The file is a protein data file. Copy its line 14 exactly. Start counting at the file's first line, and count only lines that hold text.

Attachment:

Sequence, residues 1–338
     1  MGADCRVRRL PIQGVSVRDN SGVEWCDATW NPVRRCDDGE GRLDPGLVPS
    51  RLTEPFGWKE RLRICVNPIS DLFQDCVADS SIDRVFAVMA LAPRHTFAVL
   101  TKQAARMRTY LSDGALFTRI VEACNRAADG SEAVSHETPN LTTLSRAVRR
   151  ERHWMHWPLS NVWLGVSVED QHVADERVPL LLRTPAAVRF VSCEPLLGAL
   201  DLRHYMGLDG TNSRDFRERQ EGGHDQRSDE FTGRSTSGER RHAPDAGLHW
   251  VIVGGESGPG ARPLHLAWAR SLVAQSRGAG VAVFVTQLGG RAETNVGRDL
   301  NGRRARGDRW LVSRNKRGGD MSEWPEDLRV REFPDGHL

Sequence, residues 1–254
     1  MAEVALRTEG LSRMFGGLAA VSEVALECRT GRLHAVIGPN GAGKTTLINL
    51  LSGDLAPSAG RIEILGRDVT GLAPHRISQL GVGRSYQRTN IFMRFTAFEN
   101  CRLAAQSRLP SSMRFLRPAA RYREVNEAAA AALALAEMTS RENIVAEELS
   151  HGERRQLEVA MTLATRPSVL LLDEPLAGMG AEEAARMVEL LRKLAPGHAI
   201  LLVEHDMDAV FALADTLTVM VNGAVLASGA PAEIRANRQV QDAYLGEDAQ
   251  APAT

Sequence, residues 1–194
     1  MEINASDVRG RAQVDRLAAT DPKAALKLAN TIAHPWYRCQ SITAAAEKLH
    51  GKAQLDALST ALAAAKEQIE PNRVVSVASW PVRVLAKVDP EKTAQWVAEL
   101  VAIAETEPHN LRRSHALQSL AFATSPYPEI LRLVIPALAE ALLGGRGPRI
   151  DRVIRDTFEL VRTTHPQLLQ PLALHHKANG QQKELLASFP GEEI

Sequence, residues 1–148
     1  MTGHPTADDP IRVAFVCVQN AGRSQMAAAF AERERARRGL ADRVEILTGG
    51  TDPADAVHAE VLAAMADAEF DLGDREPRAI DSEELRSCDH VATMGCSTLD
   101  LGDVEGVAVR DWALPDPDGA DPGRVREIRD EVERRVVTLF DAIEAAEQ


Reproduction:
   201  LLVEHDMDAV FALADTLTVM VNGAVLASGA PAEIRANRQV QDAYLGEDAQ